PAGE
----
Hi Sumaiya, sure. We flew from Chiang Mai to Koh Samui, there are about 1 to 2 direct flights per day if I remember correctly. It depends on the kind of experience you want. Koh Samui is luxury and more private – perfect for couples. Most people stay at private resorts with private beach access. If you like to dive, you might prefer Koh Tao. There are tons of dive shops on the island and it has a more vibrant, backpacker feel with lots of expats, bars and restaurants to hang around. We really enjoyed Koh Tao and our dive experience but then the heavenly luxury of Koh Samui felt like paradise too. I haven’t been to Koh Lipe personally but friends have said great things!

      There aren’t any direct flights. I know, layovers are the worst! Our flights were actually severely delayed and the airlines lost our luggage for 2 days.. so if possible I would stay at least 2 nights, preferably 3 in Bangkok just in case of any flight issues.

  19. Sumaiya
    July 7, 2017 / 5:36 pm

    Thank you!! do you mind sharing airline so we can avoid that. It must have been a nightmare to lose your luggage. And I meant to say we are NOT much of diver. Do you have any suggestion on Koh Lanta? Should we skip it and stay on just the gulf side?

    • Sher
      July 7, 2017 / 5:44 pm

      It wasn’t the airlines fault. we flew out of NYC on a night when it was thunderstorming and were delayed because of the storm, then automatically missed our connecting flight in london. they returned our luggage to us by the evening of the 2nd day and also gave us credit to pay essentials, clothes. I’ve actually had my luggage lost too many times to count so I tryyy to go carry-on only when I can!

      Oh you’re not a diver. It really depends what vibe you’re looking for. Are you a family, couple, traveling with kids, etc? Koh Tao has a really fun vibe – food is great, lots of cute boutiques, lots of expats if you want a more british/americanized feel. Koh Samui has a hangout spot on Chaweng but overall is very high end. It’s one of those spots where you mostly stay in your luxury resort and don’t go into town. We spent 4 days on Samui, 2 near Chaweng and then 2 on a private resort on the other side of the island.

      I would stay on one side – either Andaman or Gulf. I have a whole post on the different beaches/islands in Thailand which you can also check out for more ideas!

  20. Luis Castro
    September 24, 2017 / 10:59 am

    Hey, taking a good look at your guide, would you recommend traveling to Chiang Rai from Chiang Mai, instead of looking at things to do in Chiang Mai that day?

    • Sher
      September 24, 2017 / 11:02 am

      Hey Luis – do you mean skipping Chiang Mai and heading to Chiang Rai? We only visited Chiang Mai and loved the city, we wish we had spent more time there. There’s the old town, great temples, a large foreigner community, amazing food, elephant sanctuaries etc.

      Chiang Rai is a little more remote and a touch less visited because it’s farther north. There’s also some really gorgeous temples and luxury retreats there. We unfortunately didn’t have time to visit Chiang Rai so I can’t really recommend one vs. the other!

  21. Nadia
    September 27, 2017 / 6:43 pm


    Please could you send me the itinerary for the 2 week stay in thailand. The drop downs dont work for me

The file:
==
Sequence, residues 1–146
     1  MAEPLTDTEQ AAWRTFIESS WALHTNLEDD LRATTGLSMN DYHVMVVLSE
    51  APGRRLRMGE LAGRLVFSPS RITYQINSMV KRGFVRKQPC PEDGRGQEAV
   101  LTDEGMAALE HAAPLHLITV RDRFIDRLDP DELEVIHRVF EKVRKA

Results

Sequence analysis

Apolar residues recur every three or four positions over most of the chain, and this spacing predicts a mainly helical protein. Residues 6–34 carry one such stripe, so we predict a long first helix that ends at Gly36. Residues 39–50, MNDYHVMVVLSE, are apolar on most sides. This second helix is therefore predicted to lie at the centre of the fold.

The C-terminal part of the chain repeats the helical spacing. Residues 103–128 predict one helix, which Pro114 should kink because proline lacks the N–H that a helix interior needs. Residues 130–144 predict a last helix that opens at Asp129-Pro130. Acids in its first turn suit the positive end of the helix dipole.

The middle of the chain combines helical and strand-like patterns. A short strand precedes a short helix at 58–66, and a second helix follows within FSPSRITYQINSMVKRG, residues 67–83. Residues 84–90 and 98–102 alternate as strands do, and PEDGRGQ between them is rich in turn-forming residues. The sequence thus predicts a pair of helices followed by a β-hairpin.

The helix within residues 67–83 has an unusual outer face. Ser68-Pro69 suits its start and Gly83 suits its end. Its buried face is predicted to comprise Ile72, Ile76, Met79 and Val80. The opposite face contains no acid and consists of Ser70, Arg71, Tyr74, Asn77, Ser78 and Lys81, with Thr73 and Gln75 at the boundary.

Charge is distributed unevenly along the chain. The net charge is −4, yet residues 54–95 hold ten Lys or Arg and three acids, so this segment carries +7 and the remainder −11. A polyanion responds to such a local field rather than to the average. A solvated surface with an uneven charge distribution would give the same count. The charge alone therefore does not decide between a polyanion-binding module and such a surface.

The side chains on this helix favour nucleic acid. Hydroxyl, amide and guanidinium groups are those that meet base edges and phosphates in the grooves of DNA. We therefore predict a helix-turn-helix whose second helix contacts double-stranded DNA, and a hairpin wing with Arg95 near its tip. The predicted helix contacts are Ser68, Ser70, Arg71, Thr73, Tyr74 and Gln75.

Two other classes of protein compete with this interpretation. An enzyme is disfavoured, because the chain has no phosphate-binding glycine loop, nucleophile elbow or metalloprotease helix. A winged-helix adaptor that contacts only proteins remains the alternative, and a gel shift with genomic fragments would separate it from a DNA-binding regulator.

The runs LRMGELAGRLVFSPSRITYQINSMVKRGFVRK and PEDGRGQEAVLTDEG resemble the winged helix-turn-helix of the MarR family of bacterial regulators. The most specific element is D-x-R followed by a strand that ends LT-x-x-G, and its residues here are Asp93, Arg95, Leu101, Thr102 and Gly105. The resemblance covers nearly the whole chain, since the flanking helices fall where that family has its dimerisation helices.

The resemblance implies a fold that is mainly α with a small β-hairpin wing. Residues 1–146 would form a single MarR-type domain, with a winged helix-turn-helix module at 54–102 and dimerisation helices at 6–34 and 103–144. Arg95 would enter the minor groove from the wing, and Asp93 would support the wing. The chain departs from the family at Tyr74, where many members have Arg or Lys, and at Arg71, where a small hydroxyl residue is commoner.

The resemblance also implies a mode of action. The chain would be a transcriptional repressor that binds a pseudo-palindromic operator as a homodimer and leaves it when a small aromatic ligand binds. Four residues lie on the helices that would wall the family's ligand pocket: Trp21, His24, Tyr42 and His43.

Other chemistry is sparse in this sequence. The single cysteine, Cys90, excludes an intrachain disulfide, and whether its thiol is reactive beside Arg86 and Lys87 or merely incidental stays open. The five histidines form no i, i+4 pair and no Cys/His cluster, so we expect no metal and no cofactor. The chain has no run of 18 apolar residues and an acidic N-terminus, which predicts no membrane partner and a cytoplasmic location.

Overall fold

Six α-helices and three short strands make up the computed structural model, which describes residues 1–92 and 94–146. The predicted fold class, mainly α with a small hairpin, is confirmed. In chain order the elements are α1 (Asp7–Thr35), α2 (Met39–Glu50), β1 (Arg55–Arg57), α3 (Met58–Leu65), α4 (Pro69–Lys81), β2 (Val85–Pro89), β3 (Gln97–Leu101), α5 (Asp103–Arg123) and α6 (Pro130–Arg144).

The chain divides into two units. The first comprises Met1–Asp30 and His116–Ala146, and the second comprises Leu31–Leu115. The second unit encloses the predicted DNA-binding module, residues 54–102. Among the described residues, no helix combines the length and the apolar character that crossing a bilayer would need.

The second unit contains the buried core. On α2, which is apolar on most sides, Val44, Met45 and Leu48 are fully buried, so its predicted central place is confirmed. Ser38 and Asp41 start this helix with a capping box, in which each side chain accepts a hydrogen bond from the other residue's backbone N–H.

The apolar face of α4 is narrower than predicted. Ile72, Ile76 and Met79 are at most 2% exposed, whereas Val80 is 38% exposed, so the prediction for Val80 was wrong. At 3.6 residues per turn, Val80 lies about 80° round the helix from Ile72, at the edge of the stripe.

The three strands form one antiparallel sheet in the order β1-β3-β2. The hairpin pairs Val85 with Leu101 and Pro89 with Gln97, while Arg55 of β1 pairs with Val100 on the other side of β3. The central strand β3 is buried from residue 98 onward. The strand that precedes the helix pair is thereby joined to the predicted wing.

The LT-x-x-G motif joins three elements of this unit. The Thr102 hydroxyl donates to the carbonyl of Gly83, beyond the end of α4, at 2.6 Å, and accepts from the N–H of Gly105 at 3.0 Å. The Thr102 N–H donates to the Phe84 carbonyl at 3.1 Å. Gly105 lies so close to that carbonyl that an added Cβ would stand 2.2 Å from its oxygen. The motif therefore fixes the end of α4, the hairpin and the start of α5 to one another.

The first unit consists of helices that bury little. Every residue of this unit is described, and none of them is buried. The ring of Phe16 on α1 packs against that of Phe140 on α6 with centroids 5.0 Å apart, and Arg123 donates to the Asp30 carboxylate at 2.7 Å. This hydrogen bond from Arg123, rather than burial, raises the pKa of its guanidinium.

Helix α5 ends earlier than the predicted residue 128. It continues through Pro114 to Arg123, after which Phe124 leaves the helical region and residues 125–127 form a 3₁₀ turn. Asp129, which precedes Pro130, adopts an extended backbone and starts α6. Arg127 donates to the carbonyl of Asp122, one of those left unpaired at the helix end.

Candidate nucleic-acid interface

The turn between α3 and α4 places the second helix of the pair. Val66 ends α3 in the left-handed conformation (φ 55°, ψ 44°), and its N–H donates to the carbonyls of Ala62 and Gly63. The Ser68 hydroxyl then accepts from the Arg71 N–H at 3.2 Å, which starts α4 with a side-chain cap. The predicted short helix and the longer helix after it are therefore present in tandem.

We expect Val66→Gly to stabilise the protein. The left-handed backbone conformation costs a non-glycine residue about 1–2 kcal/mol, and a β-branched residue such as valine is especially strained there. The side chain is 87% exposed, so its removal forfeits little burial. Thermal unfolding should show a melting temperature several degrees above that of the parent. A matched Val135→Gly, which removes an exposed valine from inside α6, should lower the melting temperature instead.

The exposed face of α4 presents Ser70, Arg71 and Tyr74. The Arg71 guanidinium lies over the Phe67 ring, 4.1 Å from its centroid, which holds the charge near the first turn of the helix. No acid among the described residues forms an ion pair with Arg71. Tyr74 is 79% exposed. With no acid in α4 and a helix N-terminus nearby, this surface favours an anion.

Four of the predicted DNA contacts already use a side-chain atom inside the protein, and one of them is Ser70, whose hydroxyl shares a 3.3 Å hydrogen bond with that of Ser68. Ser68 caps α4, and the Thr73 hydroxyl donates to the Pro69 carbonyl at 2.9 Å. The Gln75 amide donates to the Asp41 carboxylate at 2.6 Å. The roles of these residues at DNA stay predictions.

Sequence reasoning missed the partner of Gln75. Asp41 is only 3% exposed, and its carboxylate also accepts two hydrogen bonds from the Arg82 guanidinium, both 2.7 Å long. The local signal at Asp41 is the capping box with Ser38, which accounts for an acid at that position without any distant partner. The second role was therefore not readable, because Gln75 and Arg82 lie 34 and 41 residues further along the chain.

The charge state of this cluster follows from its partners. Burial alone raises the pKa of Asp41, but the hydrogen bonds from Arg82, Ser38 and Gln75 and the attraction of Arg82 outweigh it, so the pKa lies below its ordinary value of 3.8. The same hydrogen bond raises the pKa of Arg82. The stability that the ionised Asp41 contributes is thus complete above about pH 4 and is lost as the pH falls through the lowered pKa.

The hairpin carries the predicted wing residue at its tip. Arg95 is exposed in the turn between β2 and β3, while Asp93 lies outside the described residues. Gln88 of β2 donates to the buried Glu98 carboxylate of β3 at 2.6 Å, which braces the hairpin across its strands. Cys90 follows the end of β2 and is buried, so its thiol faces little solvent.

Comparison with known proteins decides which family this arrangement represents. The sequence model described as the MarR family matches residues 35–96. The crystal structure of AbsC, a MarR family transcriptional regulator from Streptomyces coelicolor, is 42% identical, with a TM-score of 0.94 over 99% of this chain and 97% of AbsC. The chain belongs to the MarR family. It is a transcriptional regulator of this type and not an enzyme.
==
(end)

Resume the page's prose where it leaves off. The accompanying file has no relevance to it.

22. Luis Castro
    October 8, 2017 / 8:06 am

    Hey Sher, thanks for the info, we ended up deciding to book it, but we’re for sure basing most of our travel in your guide, so excited! Thanks for all the great info!

  23. Bren
    November 11, 2017 / 11:16 am

    Wow! Awesome summary. Thinking about going next year and this is exactly what Ill use. Im more of a beach loving than a big city person. But this is great. Thank you!

  24. Crystal Tilly
    November 11, 2017 / 5:59 pm

    Do you booked everything separately ?

    • Sher
      November 11, 2017 / 7:13 pm

      Hi Crystal – Yes I made my own itinerary and booked it all separately, but if you wanted to book a tour there are lots of great options too!

  25. Kara Bui
    August 3, 2018 / 3:19 am

    I love the way you write up this post. It made it look like heaven on earth :) Photos are so amazing and stunning. Excellent!

  26. Christen
    August 22, 2018 / 3:56 pm

    Hello! How was traveling from Ko Tao to Bangkok?

    • Sher
      August 22, 2018 / 9:18 pm

      we flew, and it was super short and comfortable!

  27. Biby Chacon
    October 10, 2018 / 11:41 pm

    This is an awesome trip and your itinerary is amazing! I’m currently planning a trip and this is really helpful.

    Question, when did you go to Thailand and when do you recommend going, best time to visit.

    • Sher
      October 11, 2018 / 12:28 am

      Hi Biby – Glad you liked the post :) We went in the summer in June + July. It’s pretty hot then but still fun. For the islands, there are different seasons depending on the coast you’re visiting. I cover the best time to go in my thailand islands post here.

  28. Chanell
    April 26, 2019 / 5:33 am

    Which season did you visit?

    • Sher
      April 26, 2019 / 7:24 pm


  29. Eugenie
    July 12, 2019 / 10:07 am

    How did you get from Chiang Mai to Koh Samui? Besides the direct flight which is super pricey, all the other routes I find are very convoluted. Advice?

    • Sher
      July 12, 2019 / 1:35 pm

      Hi Eugenie – We took the direct flight, for the convenience

  30. jenn marcos
    December 11, 2019 / 10:03 am

    Hello! Love your photos and detailed information! I was wondering – what would you recommend to see a bit of everything with a 7-day timeline? Is it feasible to do Bangkok, Chiang Mai, and a beach town?

    Thanks in advance!

    • Sher
      December 11, 2019 / 10:07 am

      Hi Jenn! With 7 days, i’d recommend Bangkok, Chiang Mai and a day trip. From Bangkok, you could do Ayutthaya or from Chiang Mai you could do Chiang Rai.

      Bangkok to Chiang Mai is heading north. So if you were to go down south to the islands, I think it would eat up too much travel time and you wouldn’t get much time. Or you could do Bangkok + an island if you want beach time!

  31. Omkar Sheorey
    February 19, 2022 / 1:35 pm

    Hi, Great article Would you mind sharing whats the location of that first arial drone photo? Looks insane. Thanks